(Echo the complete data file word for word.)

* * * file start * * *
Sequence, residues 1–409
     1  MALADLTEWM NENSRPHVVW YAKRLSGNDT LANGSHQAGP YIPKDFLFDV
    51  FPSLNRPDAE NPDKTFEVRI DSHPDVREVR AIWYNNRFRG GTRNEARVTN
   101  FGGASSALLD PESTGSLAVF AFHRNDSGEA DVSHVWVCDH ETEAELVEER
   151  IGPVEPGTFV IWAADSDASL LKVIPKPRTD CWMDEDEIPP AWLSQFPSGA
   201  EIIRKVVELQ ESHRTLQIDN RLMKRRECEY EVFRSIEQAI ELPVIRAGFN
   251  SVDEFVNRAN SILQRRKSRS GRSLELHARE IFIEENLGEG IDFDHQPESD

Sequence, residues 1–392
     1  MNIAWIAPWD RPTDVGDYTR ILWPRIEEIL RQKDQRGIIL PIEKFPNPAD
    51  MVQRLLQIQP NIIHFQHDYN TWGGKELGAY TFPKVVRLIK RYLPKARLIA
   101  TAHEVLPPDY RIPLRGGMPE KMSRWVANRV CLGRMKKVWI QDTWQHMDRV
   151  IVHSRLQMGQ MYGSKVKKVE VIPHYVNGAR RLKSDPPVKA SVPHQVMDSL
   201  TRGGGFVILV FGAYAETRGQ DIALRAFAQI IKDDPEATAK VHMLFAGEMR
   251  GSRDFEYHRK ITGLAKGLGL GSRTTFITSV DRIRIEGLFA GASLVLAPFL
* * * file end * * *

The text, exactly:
Sequence, residues 1–409
     1  MALADLTEWM NENSRPHVVW YAKRLSGNDT LANGSHQAGP YIPKDFLFDV
    51  FPSLNRPDAE NPDKTFEVRI DSHPDVREVR AIWYNNRFRG GTRNEARVTN
   101  FGGASSALLD PESTGSLAVF AFHRNDSGEA DVSHVWVCDH ETEAELVEER
   151  IGPVEPGTFV IWAADSDASL LKVIPKPRTD CWMDEDEIPP AWLSQFPSGA
   201  EIIRKVVELQ ESHRTLQIDN RLMKRRECEY EVFRSIEQAI ELPVIRAGFN
   251  SVDEFVNRAN SILQRRKSRS GRSLELHARE IFIEENLGEG IDFDHQPESD

Sequence, residues 1–392
     1  MNIAWIAPWD RPTDVGDYTR ILWPRIEEIL RQKDQRGIIL PIEKFPNPAD
    51  MVQRLLQIQP NIIHFQHDYN TWGGKELGAY TFPKVVRLIK RYLPKARLIA
   101  TAHEVLPPDY RIPLRGGMPE KMSRWVANRV CLGRMKKVWI QDTWQHMDRV
   151  IVHSRLQMGQ MYGSKVKKVE VIPHYVNGAR RLKSDPPVKA SVPHQVMDSL
   201  TRGGGFVILV FGAYAETRGQ DIALRAFAQI IKDDPEATAK VHMLFAGEMR
   251  GSRDFEYHRK ITGLAKGLGL GSRTTFITSV DRIRIEGLFA GASLVLAPFL